Two meetings, two worlds

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One of the world’s most important geopolitical meetings has just ended. And, as to be expected, sanctions regarding the Russo-Ukrainian War were addressed right at the opening. In his speech one of the world’s most powerful men, representing a country with a staggering annual GDP of nearly twenty trillion, made an unambiguous statement about the unprecedented sanctions against Russia.

President Xi Jinping kicked off the virtual BRICS meeting on 22 June 2022 with: “The crisis in Ukraine has again sounded an alarm bell to the world ... Those using their leading position in the international financial and monetary system to impose sanctions recklessly will only end up harming others and themselves and make people across the world suffer.”

If the above wasn’t clear enough, he also stated that sanctions “politicise, instrumentalise and weaponise the world economy”.

The other members of BRICS share China’s view. To state the obvious, Russia isn’t in favour of the sanctions. Neither are India, Brazil and South Africa. And this isn’t rhetoric either; a massive shift in global trade is occurring.

In a meeting from 15 to 18 June 2022, Russian and Chinese companies signed a raft of trade deals covering natural gas, food and other commodities. These deals come only a couple of days after the opening of a new bridge, costing $342 million, between the two countries. Since the start of its illegitimate invasion, Russia has displaced Saudi Arabia as China’s biggest supplier of oil, and its exports of natural gas to the country have jumped by 54%.

Since Russia has been kicked out of the SWIFT banking system, two countries are using a Chinese alternative, the Cross-Border Interbank Payment System. Yuan-ruble trading has jumped 1 067% since the invasion. This is a major step towards breaking the dollar’s domination of global trade. 

Last year India imported 60 000 barrels of oil from Russia and this year 740 000, and Russia is now set to become the country’s number one source. Private refineries in India are then turning the discounted oil into petrol and diesel and selling it all across the world, including Europe. Plans are also afoot for Indian retail stores to open up in Russia, slotting into the gap left by the departures of Western companies.

Brazil isn’t fazed by the war either. Russia is its number one supplier of fertiliser at 3,06 million tons, and the two countries recently negotiated to make sure Russian fertilisers keep on coming. On 28 June 2022, Putin and Brazil’s president, Jair Bolsonaro, had what seems to be a rather amicable chat on the matter.

Moreover, Argentina and heavily sanctioned Iran have now applied to become part of BRICS and would add to the BRICS countries’ substantial share of the global economy: They represent approximately 41% of the world’s population, 24% of the global economy and 16% of the world’s trade. At the BRICS summit President Putin said that Russia’s trade with other BRICS increased in the first quarter of this year by 38% and reached $45 billion.

The Economist reported in May that Russia’s export earnings were 65% higher in the first three months of 2022 than in the first quarter of 2021 and, due to sanctions, its imports were down 20%. It now has a trade surplus four times higher than last year. Putin now has plenty of cash to fund his invasion, which Western sanctions have completely failed to halt. Moreover, the Russians are advancing in the Donbas and the Ukrainians are in retreat.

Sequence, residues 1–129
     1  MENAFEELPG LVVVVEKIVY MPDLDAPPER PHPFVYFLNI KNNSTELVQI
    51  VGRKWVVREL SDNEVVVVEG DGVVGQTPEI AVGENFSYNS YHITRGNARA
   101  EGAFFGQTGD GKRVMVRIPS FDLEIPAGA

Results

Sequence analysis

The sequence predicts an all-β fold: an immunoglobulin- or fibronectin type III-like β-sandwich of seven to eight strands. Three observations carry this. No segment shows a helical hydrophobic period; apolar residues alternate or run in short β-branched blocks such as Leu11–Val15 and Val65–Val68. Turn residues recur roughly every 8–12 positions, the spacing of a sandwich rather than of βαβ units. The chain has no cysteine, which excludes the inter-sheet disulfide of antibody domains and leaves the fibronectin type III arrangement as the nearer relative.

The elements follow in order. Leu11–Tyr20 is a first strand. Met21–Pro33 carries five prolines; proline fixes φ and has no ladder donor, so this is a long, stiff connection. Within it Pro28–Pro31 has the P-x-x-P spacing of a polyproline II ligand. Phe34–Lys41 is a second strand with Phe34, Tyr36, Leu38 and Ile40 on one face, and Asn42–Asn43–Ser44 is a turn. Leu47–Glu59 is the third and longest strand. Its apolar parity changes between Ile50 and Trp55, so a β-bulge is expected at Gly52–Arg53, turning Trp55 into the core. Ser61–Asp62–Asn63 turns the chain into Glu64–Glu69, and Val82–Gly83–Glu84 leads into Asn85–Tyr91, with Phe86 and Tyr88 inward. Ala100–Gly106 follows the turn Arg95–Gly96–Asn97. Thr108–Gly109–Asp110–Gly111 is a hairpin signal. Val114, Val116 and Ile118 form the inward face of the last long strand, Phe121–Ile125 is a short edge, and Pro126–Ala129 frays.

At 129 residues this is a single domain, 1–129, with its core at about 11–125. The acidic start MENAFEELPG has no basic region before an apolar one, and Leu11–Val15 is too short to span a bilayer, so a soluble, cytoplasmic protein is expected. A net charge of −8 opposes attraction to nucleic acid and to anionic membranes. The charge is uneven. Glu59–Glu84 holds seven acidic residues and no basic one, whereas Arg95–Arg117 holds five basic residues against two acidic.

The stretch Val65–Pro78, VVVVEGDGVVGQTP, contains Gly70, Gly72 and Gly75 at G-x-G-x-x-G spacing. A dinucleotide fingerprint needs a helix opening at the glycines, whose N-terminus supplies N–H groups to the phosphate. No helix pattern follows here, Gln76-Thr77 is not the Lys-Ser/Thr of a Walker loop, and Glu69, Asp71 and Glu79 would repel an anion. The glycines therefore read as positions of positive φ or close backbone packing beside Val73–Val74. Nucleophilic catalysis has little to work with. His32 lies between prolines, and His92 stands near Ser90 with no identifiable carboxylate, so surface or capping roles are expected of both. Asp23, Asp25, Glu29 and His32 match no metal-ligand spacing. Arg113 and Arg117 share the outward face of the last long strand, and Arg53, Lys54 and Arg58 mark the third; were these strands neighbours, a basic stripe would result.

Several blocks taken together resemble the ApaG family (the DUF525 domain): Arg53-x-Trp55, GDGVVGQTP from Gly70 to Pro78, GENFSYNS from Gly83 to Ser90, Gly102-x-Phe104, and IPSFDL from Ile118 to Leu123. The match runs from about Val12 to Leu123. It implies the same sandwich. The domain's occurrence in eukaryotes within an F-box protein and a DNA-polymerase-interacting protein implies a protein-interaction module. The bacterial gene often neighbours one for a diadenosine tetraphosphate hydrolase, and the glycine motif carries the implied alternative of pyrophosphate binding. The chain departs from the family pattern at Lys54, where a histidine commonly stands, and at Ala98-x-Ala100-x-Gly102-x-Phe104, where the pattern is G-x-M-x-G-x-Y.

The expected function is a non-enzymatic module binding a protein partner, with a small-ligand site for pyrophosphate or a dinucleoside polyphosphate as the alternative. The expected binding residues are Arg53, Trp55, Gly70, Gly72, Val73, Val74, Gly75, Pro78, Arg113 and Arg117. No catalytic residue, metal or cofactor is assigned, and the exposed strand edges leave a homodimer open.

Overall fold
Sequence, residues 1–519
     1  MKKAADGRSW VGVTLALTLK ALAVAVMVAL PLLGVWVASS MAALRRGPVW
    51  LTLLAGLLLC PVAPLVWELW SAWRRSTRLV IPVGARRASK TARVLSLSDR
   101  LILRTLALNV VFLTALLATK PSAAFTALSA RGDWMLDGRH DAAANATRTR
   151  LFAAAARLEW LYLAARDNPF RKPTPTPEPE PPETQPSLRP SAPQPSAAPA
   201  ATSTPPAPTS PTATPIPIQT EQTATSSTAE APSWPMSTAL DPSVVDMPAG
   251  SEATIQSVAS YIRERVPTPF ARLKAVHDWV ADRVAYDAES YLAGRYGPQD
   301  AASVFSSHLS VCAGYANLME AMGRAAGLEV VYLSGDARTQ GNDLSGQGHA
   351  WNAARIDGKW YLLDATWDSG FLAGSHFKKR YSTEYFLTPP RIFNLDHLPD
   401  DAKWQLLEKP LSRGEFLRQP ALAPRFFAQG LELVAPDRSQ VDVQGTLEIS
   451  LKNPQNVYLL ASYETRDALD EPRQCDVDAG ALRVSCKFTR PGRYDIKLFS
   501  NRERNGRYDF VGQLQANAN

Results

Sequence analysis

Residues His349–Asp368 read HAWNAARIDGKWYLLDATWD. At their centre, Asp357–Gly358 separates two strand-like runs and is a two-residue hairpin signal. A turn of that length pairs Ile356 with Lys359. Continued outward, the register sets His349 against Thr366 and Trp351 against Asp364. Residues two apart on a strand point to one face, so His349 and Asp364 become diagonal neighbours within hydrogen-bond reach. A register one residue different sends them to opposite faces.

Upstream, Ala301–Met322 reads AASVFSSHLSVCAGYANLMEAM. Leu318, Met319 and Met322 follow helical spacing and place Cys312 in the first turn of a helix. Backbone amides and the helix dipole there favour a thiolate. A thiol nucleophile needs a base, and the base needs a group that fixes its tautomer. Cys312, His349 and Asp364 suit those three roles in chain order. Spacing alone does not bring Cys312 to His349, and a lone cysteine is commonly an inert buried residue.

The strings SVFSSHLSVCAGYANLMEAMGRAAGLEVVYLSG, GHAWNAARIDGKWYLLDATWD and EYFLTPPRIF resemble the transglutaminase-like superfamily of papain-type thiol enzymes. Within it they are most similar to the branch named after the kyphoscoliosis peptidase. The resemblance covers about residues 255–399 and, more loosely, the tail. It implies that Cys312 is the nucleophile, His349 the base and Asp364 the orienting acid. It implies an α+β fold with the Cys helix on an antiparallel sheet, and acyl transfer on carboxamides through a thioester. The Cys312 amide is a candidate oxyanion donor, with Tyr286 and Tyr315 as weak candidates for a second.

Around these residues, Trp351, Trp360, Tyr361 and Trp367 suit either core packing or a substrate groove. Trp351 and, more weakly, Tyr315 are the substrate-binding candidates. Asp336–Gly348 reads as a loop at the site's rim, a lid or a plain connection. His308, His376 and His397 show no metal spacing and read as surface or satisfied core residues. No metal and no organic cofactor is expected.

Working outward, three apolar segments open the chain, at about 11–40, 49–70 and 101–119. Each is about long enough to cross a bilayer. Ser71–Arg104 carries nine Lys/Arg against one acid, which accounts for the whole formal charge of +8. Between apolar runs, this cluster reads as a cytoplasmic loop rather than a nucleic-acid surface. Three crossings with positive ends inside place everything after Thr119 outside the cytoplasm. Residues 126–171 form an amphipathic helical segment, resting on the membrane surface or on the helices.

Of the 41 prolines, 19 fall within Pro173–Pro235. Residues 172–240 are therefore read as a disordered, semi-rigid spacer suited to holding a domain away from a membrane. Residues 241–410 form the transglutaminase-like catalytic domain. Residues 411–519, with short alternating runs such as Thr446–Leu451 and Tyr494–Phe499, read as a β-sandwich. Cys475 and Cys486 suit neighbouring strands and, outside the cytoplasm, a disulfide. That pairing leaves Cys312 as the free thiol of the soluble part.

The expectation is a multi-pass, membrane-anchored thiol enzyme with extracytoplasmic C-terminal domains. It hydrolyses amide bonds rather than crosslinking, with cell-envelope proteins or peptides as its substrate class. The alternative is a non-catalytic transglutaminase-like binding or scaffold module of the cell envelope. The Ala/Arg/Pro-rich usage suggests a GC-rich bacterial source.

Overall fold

What, one might be tempted to ask at this juncture, are South Africa’s intentions in bypassing or ignoring Western sanctions? Well, if there is a plan of any sort, no one has seen it. Literally. There’s only so much you can do by candlelight.

On the opposite side of the planet the G7 – Canada, France, Germany, Italy, Japan, the UK and the USA – held a meeting this week in Germany. Given the scale and diversity of their sanctions, the best the G7 could do was ban the sale of Russian gold. This was a symbolic move, as the trade was effectively banned by the pre-existing financial sanctions. Most of Russia’s gold went to the United Kingdom, which is a global trading hub for the precious metal. It hardly takes great insight to imagine Russia cutting a direct deal with India to feed its insatiable appetite for gold.

Not only did the G7 reiterate its support for Ukraine until the bitter end, it also took exception to China. The G7 communiqué stated that China must force Russia to withdraw its troops from Ukraine. The UK’s foreign secretary, Liz Truss, has gone a step further. She said, “I want the G7 to act as an economic NATO not just the challenge of Russia but also the challenge of China.”

While peace should be the goal, I’m pretty sure that China isn’t going to listen to the Brits or any of the G7 countries. The Opium Wars, the century of humiliation, the rape of Nanking, Hong Kong and all of that.

Putin’s war of conquest and the subsequent sanctions have had the unfortunate and unintended consequence of dividing the world into rival blocs, eerily reminiscent of the Cold War. Major powers and groupings are sliding into a “we vs them” mentality in a zero-sum game. Absolutely fantastic. Africa’s 20th-century history shows the true cost of the world’s powerful countries locked into a struggle for dominance, economic or otherwise. Raped women, dead children, the hungry and starving in a series of proxy wars in the name of other people’s ideals. 

Tristen Taylor is a freelance journalist and photographer. He is also a Research Fellow in Environmental Ethics at Stellenbosch University.

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